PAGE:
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When studying for a doctoral degree (PhD), candidates submit a thesis that provides a critical review of the current state of knowledge of the thesis subject as well as the student’s own contributions to the subject. The distinguishing criterion of doctoral graduate research is a significant and original contribution to knowledge.
Once accepted, the candidate presents the thesis orally. This oral exam is open to the public.
Many emerging adults experience elevations in internalizing symptoms (anxiety, depressive symptoms). Developmental psychopathology theories assert that the developmental transitions inherent to this life stage, such as university graduation, may alter emerging adults’ psychological functioning. The current dissertation served to explore emerging adults’ internalizing symptoms across graduation from university, in order to delineate for whom this is a period of risk for internalizing symptoms. Specifically, the present set of studies examined how emerging adults fare psychologically prior to graduating from university (Study 1), across the year following university graduation (Study 2), and the specific risk, contextual, and personality factors that relate to different internalizing symptom patterns across the graduation transition (Studies 3 and 4).
Emerging adults in their final year of university education (n = 159; Mage = 23.22) participated in a four-wave longitudinal study focused on wellbeing across the transition from university. Participants were recruited from an urban Canadian university and completed online surveys at each wave. A mixed methods design was employed to maximize insight into this under-researched yet arguably very important developmental transition. Quantitative data were collected once in the semester prior to graduating, and at three subsequent waves post-graduation. In line with developmental psychopathology perspectives, person-centered analyses were employed to account for heterogeneous patterns of internalizing symptoms, and a multitude of factors that influence such patterns were examined. Additionally, qualitative data were collected at the final wave, one year post-graduation, and a phenomenological analysis was conducted to augment and enhance the quantitative analyses.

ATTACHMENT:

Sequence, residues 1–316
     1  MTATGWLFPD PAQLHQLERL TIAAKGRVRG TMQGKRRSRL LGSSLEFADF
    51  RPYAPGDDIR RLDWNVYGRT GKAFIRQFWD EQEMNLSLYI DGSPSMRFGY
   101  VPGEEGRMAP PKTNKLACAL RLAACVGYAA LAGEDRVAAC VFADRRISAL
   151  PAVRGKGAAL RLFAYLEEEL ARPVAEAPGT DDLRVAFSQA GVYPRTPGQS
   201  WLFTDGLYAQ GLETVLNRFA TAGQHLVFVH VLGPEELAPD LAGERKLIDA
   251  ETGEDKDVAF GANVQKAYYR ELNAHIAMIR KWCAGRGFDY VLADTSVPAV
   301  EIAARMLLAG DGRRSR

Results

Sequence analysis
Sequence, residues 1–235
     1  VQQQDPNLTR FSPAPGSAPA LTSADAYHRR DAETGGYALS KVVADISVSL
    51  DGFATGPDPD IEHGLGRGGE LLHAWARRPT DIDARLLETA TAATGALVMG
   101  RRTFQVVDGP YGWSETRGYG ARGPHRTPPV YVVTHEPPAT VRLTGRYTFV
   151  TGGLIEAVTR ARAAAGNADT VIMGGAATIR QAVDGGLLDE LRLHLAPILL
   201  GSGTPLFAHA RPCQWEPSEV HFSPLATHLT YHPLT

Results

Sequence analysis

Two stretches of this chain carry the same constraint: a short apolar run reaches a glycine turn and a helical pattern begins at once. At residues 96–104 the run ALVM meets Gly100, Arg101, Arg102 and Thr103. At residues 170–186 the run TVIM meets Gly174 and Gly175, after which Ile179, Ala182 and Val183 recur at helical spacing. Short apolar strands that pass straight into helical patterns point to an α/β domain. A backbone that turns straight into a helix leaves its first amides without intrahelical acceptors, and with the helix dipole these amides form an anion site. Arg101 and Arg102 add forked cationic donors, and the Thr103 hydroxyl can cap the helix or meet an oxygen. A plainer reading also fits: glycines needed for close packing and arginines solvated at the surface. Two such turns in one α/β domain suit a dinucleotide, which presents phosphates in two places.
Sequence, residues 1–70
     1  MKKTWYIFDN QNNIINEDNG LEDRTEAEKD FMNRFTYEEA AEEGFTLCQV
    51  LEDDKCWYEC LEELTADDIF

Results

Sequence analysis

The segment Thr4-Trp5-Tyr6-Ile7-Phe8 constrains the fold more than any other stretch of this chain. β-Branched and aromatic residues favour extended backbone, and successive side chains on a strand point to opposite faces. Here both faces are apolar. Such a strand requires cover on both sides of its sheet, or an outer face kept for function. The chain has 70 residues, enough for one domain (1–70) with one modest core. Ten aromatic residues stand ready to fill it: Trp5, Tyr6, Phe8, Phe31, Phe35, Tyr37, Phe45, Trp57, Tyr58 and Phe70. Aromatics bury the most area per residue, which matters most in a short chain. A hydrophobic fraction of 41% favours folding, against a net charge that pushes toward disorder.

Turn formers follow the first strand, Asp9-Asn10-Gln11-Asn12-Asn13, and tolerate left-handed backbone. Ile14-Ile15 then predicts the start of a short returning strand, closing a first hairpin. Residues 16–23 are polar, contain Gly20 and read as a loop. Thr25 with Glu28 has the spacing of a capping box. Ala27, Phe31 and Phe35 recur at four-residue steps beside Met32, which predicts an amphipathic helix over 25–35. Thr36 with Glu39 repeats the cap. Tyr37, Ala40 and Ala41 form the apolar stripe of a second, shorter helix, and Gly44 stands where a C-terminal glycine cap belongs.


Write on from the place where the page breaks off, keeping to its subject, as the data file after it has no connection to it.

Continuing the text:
Results from Study 1 uncovered heterogeneity in how participants felt about their upcoming graduation, with the majority feeling positive about their graduation. Positive feelings about graduation were linked to differences in dispositional attributes (optimism, neuroticism). Study 2 examined how participants’ symptoms of anxiety and depression, respectively, changed across the graduation transition. Distinct trajectories of both anxiety and depressive symptoms emerged, however anxiety levels did not change across graduation whereas depressive symptom levels did. The majority of participants showed stable, low depressive symptoms across the transition, but a small percentage decreased in depressive symptoms (11%), whereas a sizable group (32%) increased in depressive symptoms following graduation. Studies 3 and 4 served to identify factors related to the different depressive symptom trajectories across the graduation transition. Consistent across both qualitative and quantitative analyses was the finding that personality/mindset factors related to changes in depressive symptoms, and graduation contextual factors did not. This highlights the role of one’s internal capacities in coping with a novel developmental transition. Optimism, grit, and less neuroticism emerged as key dispositional assets across the transition, along with qualitative accounts of willingness to learn from setbacks, self-efficacy, and gratitude for the university experience. Together, these results highlight the complex nature of adjustment, and clarify past research showing that aspects of emerging adults’ personality and mindsets are key determinants for how they emotionally navigate this pivotal transition period.